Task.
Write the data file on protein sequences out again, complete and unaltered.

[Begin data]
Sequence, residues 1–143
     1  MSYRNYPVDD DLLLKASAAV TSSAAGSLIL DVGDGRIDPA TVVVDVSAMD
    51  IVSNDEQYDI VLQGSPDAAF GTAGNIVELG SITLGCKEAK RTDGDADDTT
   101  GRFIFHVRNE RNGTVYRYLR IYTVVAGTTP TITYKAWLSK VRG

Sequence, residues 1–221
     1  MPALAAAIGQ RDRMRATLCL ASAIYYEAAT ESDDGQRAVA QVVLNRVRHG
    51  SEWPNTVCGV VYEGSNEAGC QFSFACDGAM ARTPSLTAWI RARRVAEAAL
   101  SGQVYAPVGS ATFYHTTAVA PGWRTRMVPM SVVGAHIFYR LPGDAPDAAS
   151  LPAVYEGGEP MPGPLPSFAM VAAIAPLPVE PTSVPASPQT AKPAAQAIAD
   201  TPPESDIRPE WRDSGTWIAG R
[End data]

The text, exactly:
Sequence, residues 1–143
     1  MSYRNYPVDD DLLLKASAAV TSSAAGSLIL DVGDGRIDPA TVVVDVSAMD
    51  IVSNDEQYDI VLQGSPDAAF GTAGNIVELG SITLGCKEAK RTDGDADDTT
   101  GRFIFHVRNE RNGTVYRYLR IYTVVAGTTP TITYKAWLSK VRG

Sequence, residues 1–221
     1  MPALAAAIGQ RDRMRATLCL ASAIYYEAAT ESDDGQRAVA QVVLNRVRHG
    51  SEWPNTVCGV VYEGSNEAGC QFSFACDGAM ARTPSLTAWI RARRVAEAAL
   101  SGQVYAPVGS ATFYHTTAVA PGWRTRMVPM SVVGAHIFYR LPGDAPDAAS
   151  LPAVYEGGEP MPGPLPSFAM VAAIAPLPVE PTSVPASPQT AKPAAQAIAD
   201  TPPESDIRPE WRDSGTWIAG R